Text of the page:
Wells Fargo & Co. (WFC:US), the bank building a securities business to challenge Wall Street, promoted Dan Thomas to help clients clear trades and manage collateral and hired Deutsche Bank AG’s Eamon McCooey to run hedge-fund services.
The moves detailed in a Wells Fargo statement yesterday are the firm’s latest bid to round out its investment bank and move into activities dominated by competitors. JPMorgan Chase & Co. (JPM:US), which runs the biggest U.S. business dedicated to serving hedge funds, known as prime brokerage, also is expanding as post-crisis regulations force traders to comply with new rules on clearing derivatives and post more collateral.
After credit markets froze in 2008, “a lot of people woke up and realized there were a lot of risks and issues in the system, and that’s forcing market-structure changes,” Thomas said in an interview. “It became clear to us that we needed to reconsider how we are helping clients, and that we need to be able to provide them the funding, collateral management and the technology that they need.”
Prime brokers help hedge funds and other investment firms run their business by making it easier to borrow money or shares, clearing trades, holding assets in custody and keeping records. In years leading to the financial crisis, pretax profit margins were estimated at 40 percent to 50 percent.
McCooey worked at Deutsche Bank for the past 13 years and most recently led the Frankfurt-based company’s U.S. prime brokerage, according to Wells Fargo, which ranks fourth by assets among the nation’s lenders. He’ll join San Francisco-based Wells Fargo in September and report to Thomas.
Thomas, 48, joined Wells Fargo in its 2008 purchase of Wachovia Corp. and was head of interest-rate and commodities sales before yesterday’s announcement. He reports to Walter Dolhare and Tim Mullins, co-heads of the markets unit. They, in turn, report to John Shrewsberry, head of Wells Fargo Securities.
Thomas’s operation will bring together clearing capabilities for over-the-counter derivatives and futures, prime brokerage for hedge funds and other services such as securities lending and repos, or repurchase agreements, he said. The bank is also building its own clearing capabilities.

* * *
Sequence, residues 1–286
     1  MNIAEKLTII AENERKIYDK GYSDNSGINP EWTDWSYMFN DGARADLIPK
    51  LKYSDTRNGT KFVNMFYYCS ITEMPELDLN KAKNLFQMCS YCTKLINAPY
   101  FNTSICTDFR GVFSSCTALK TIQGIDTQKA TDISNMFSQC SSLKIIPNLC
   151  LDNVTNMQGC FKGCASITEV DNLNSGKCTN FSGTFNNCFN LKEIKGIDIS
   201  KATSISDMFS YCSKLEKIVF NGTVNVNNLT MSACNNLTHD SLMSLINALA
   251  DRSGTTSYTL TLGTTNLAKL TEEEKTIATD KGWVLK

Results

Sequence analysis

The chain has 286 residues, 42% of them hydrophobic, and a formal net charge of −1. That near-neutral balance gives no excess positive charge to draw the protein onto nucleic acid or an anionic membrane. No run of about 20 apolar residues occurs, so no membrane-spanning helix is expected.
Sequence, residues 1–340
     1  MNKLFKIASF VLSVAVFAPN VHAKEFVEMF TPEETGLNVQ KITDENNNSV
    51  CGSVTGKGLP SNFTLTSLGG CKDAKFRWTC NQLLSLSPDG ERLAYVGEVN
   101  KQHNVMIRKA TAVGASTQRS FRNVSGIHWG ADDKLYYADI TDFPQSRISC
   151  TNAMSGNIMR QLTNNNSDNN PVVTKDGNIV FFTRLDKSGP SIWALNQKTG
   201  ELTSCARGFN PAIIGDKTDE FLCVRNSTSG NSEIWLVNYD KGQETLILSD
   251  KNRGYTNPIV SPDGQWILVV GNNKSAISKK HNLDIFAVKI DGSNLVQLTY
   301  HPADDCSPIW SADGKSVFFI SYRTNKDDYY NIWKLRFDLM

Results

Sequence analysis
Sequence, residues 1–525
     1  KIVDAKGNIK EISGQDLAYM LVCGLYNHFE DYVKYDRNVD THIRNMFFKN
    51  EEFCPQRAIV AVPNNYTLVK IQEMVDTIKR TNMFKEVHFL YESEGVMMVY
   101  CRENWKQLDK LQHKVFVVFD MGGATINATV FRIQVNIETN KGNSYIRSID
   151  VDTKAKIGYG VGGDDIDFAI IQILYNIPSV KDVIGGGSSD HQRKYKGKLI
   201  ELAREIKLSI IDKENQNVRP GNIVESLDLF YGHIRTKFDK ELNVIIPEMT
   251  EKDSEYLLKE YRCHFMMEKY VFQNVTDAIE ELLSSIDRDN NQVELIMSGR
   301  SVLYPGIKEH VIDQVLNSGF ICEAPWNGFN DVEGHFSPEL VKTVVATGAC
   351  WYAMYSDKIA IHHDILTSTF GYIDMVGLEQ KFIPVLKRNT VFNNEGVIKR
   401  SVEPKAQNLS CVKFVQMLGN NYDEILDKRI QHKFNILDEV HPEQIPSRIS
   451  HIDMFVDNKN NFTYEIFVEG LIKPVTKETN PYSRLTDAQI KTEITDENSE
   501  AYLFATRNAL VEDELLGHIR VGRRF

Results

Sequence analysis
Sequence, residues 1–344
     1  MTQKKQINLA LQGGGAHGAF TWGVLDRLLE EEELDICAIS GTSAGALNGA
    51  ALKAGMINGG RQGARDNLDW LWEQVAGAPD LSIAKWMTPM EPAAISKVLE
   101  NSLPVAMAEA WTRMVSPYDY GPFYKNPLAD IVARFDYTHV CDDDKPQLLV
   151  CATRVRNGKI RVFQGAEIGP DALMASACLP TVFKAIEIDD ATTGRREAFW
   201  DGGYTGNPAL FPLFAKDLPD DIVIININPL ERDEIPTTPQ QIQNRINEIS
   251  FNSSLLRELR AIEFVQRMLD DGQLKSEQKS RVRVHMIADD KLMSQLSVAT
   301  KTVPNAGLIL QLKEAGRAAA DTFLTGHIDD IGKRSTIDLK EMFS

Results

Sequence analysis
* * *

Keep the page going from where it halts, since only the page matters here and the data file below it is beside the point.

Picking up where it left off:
The group will help customers with collateral transformation, a process that allows them to swap lower-rated securities for higher-quality holdings that can be used to back derivatives trades with central clearinghouses. New rules require investors to post top-rated assets for more transactions and send them through clearinghouses to prevent a repeat of the 2008 market meltdown.
At least seven other banks including JPMorgan are seeking to assist customers with transformations, a practice that some investors and academics say could obscure risks to the banks and the financial system.
Wells Fargo has focused on prime brokerage since its plans to build the investment bank got started. In April 2012, the bank said it would purchase Merlin Securities LLC, which has since been rebranded under the Wells Fargo name. While that allows the bank to introduce clients to third parties that can clear trades and hold assets, McCooey will be charged with building those capabilities in-house, Thomas said.
“The first priority, provided the new owners can maintain the prime broker and custodian-neutral approach, is to add the execution, collateral and risk-management services of the bank to the Merlin offering,” according to a Global Custodian report published last year after the deal was disclosed.
The expansion is part of Wells Fargo’s larger push into equity trading. While hedge funds manage $2.4 trillion globally, according to Hedge Fund Research Inc., a fraction of the almost $14 trillion the Investment Company Institute says are managed by U.S. mutual funds, they trade more frequently and in a wider variety of instruments. Most mutual fund managers, by contrast, are restricted from engaging in short sales and hold onto their stocks and bonds for months or years.
Prime brokerage helps drive other equities-trading revenue as clients are more apt to trade with the firm, Morgan Stanley (MS:US) Chief Financial Officer Ruth Porat has said. Equity trading at the market leaders benefited from having the biggest prime-brokerage units, according to 2012 rankings from hedge-fund magazine Absolute Return & Alpha.
McCooey takes over a role recently held first by Stephan Vermut and then his son Aaron Vermut. They sold Merlin to Wells Fargo and then departed this year for Prosper Marketplace Inc., a peer-to-peer lender based in San Francisco.
Wells Fargo named four co-heads for equity sales and trading last month. The bank hired former UBS AG trader Michael Riley, naming him and Matthew Brown co-heads of equity trading, and added Patrick Neal, tapping him to oversee equity sales with Geoff Snyder.
Wells Fargo had trading revenue last year of $1.71 billion, the least among the six biggest U.S. banks. Revenue from underwriting debt and equity sales and advising on mergers climbed 33 percent in 2012 to $1.29 billion.
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